It’s time to know the symptoms of mild cognitive impairment (MCI), a condition that can be mistaken for normal aging.

If you or a loved one is feeling forgetful, confused, or struggling to find the right words more often, it could be something serious like MCI. Although MCI is caused by many things, most commonly it is due to Alzheimer’s. The sooner you catch it, the sooner you can talk to your doctor about how to manage it.

Or scroll down to learn more about symptoms

What are the symptoms of MCI
due to Alzheimer’s?

If you or a loved one keep experiencing any of these symptoms and they get worse, consider talking to a doctor.

Memory Lapses
  • Forgetting things more often, including important appointments, social events, or names
  • Losing your train of thought or the thread of conversations, books, or movies
  • Having trouble finding your way to or around familiar places
  • Having difficulty finding the right word for something commonplace, saying the same thing over and over, or asking the same question multiple times  
Judgment or Decision-Making Difficulties
  • Feeling increasingly overwhelmed by making decisions, planning steps to accomplish tasks, or understanding instructions
Trouble With Familiar Tasks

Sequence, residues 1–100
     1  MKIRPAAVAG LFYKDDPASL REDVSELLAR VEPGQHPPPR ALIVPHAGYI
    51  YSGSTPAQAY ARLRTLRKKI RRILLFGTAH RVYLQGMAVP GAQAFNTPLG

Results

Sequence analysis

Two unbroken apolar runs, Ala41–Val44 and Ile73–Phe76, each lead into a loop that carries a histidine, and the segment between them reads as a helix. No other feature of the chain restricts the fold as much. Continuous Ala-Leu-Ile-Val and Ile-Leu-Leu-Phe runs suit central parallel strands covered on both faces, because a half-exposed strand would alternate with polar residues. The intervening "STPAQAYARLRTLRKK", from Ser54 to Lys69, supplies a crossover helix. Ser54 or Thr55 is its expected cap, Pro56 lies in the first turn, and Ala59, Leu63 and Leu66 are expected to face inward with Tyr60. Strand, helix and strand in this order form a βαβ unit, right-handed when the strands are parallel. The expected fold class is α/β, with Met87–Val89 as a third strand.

• Finding it hard to do familiar tasks, such as changing a lightbulb or fixing a simple meal
  • Having trouble judging distances or performing simple actions that require hand-eye coordination, such as fitting a key into a lock
Behavior or Mood Changes
  • Depression, irritability, impulsiveness, or anxiety—mood changes that aren’t typical for you

It’s possible you haven’t even noticed any of these changes because MCI affects short-term memory, making you less aware of them. If you or others are noticing these changes, consider discussing them with your doctor.

Get more details on the symptoms of MCI and its most common cause

starts earlier
you may think

It can begin up to 20 years before symptoms show up. 

According to an Alzheimer’s Association 2021 report, although it is hard to know how many people are in the MCI stage of Alzheimer’s, some early research suggests that it may be about 1 in 12 Americans 65 years and older.*

So, it’s important to talk to your doctor as soon as you notice anything of concern.

*According to the Alzheimer’s Association 2021 Alzheimer’s Disease Facts and Figures report.